cl.exeto your PATH in a normal Windows Command Prompt window. The easiest way to do this is to run the
vcvars32.batscript packaged with the download, e.g.:
"%ProgramFiles%\Microsoft Visual C++ Toolkit 2003\vcvars32.bat"
Next, you need to add the Platform SDK paths to your environment. For example:
set SDKROOT=%ProgramFiles%\Microsoft Platform SDK for Windows Server 2003 R2 set INCLUDE=%INCLUDE%;%SDKROOT%\Include set LIB=%LIB%;%SDKROOT%\Lib
If you are building with image support, you'll also need to add the GnuWin32 paths:
set INCLUDE=%INCLUDE%;%ProgramFiles%\GnuWin32\include set LIB=%LIB%;%ProgramFiles%\GnuWin32\lib
Normally we'd be done at this point, but we're still missing a couple of pieces. The first is
setargv.obj. Fortunately it's only missing in binary form -- it can be generated from the Platform SDK's CRT source directory. To build the required file and place it in the Platform SDK's lib directory, run the following command:
cl /c /D_CRTBLD /I"%SDKROOT%\src\crt" /Fo"%SDKROOT%\lib\setargv.obj" \ "%SDKROOT%\src\crt\setargv.c
We're also missing a few essential binaries the build process expects:
lib.exe. All of these files are packaged with commercial versions of Visual Studio, but you'll need to find them elsewhere if you're using the Toolkit. The first two can be obtained free of charge by installing the .NET Framework SDK. Make sure you add its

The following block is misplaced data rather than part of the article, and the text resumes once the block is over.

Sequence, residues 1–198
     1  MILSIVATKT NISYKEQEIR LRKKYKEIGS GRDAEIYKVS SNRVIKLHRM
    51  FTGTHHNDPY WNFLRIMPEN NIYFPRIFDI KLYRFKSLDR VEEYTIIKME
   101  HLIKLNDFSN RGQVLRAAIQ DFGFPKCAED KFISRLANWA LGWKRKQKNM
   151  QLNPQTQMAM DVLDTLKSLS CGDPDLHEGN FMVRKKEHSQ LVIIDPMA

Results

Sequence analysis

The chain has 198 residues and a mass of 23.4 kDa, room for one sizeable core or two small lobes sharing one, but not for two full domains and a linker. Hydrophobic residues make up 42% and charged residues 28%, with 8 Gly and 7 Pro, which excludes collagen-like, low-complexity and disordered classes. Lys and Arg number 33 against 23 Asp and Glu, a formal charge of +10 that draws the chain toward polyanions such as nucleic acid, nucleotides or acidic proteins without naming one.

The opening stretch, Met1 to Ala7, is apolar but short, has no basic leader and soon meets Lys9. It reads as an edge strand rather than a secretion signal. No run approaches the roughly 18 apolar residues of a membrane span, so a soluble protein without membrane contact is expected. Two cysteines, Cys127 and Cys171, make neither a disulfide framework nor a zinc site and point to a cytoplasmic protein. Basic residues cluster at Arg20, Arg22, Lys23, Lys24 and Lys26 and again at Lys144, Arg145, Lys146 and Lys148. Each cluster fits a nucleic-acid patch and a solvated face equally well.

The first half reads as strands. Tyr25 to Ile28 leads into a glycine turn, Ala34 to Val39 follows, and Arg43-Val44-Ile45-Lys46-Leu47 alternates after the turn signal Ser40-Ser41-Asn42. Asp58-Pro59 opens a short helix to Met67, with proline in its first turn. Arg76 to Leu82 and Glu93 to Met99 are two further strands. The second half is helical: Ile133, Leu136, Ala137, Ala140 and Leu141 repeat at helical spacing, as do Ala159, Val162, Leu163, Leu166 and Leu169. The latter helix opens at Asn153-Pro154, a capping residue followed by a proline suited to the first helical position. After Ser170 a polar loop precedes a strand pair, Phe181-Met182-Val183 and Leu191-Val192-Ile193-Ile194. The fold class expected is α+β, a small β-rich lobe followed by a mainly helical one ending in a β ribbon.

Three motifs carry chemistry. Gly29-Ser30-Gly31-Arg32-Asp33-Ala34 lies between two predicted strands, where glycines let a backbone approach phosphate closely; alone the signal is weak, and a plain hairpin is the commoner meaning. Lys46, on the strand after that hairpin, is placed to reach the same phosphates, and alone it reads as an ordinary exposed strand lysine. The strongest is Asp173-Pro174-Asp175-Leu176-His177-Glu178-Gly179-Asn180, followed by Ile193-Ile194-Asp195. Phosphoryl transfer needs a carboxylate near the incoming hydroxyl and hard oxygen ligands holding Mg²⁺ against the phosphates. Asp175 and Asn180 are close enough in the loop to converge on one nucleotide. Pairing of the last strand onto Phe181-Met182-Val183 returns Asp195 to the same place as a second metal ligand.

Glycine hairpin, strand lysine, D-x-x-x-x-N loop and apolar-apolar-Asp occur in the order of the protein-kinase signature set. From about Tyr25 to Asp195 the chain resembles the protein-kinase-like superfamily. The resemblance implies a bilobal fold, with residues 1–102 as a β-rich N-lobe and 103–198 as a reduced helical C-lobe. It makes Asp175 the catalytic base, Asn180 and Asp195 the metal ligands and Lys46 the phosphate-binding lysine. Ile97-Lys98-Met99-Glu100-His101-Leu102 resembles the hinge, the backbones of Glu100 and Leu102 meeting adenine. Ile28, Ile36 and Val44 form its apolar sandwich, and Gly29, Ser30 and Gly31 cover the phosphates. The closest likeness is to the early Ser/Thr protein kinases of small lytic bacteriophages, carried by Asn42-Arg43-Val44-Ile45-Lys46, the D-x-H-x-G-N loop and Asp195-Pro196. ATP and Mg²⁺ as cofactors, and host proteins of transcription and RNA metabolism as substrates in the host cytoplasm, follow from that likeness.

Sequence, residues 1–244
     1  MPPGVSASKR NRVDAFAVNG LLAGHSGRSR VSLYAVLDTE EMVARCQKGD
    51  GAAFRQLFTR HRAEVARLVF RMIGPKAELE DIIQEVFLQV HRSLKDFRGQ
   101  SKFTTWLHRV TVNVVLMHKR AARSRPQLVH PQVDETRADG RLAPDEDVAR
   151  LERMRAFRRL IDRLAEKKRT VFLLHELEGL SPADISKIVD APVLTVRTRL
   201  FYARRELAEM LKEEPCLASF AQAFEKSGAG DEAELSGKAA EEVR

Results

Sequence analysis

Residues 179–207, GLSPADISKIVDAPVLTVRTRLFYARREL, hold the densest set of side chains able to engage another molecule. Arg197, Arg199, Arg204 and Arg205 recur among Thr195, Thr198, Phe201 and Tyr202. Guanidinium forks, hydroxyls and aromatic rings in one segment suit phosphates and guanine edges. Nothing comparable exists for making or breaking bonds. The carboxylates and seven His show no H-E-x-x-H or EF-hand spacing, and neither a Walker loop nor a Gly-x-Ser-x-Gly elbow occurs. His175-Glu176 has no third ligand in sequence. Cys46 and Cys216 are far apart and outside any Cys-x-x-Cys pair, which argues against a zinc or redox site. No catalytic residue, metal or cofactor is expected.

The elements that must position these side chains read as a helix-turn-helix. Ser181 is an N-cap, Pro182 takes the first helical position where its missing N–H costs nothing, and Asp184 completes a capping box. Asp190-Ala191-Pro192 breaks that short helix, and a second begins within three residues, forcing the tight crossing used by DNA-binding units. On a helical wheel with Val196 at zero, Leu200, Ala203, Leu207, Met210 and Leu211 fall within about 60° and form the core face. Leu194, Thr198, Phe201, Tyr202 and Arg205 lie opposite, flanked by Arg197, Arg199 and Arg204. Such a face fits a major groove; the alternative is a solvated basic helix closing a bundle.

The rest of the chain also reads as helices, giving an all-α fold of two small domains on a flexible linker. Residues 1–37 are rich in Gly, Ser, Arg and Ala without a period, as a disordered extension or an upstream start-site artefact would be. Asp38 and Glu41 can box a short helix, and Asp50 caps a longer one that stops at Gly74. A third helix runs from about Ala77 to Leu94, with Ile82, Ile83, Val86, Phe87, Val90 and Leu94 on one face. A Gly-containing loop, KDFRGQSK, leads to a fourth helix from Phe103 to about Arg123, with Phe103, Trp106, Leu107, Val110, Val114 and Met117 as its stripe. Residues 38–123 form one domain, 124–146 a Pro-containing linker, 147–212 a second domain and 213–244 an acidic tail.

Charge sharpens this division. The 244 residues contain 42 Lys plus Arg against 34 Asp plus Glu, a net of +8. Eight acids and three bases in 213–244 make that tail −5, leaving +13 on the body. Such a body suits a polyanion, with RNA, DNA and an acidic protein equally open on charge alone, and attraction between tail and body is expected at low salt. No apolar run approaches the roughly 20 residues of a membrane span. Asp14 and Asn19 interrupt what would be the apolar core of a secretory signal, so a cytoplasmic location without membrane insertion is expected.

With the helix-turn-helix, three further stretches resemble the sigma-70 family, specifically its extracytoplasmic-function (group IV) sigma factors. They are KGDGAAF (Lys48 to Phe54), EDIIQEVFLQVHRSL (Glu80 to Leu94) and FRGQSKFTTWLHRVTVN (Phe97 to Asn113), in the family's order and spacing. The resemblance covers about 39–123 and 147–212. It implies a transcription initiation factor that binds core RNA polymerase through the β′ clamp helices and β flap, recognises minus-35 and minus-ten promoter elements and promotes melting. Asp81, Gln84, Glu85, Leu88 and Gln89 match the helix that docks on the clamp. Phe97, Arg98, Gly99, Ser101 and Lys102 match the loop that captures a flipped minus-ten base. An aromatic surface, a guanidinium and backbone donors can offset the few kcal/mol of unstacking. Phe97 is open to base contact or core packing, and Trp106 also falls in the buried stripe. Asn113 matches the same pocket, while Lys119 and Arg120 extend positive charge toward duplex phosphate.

bindirectory to your path after installing.
lib.exeis simply an alias for
link /lib, so a simple batch file (
lib.bat) will suffice. A sample is attached to this post -- place it somewhere in your PATH.
Finally, we're ready to build Emacs using MSVC. As with the MinGW build, the process begins with running
configure.bat --no-debug --with-msvc
Things are pretty straighforward from here. As with the MinGW build steps, we need to start with a bootstrap build, after which we can build the complete distribution. Refer to the MinGW steps for details:
nmake bootstrap nmake info nmake nmake install
One of the advantages of compiling from source yourself is that you can optimize builds for your platform. For example, if you're using a modern AMD or Intel processor with SSE extensions, you can enable the compiler to generate optimized code for your processor. To build an optimized version of Emacs, you will need to pass arguments to the compiler by way of
--cflagsargument. To build a version of Emacs optimized for an SSE2-capable Athlon or Pentium 4 processor with MSVC, for example, you would run the script as follows:
configure.bat --no-debug --with-msvc --cflags /O2 --cflags /G7 --cflags /arch:SSE2
For a similarly optimized build with MinGW (GCC), use:
configure.bat --no-debug --with-gcc --cflags -msse2 --cflags -O3
Optimized builds will typically be incompatible with older processors that do not support the selected extensions (in most cases, they will crash at runtime). If you are creating an Emacs build to share, minimize optimizations that require specific processor features such as SSE.
If you built Emacs with image support, you need to copy the runtime DLLs to Emacs'
binpath (or your system path, if compiling only for a single system). You can copy them manually, or script it as below (specific file names may vary slightly if versions change):
for %f in (giflib4 jpeg62 libpng13 libtiff3 xpm4 zlib1) do \ echo copy "%ProgramFiles%\GnuWin32\bin\%f.dll" ..\bin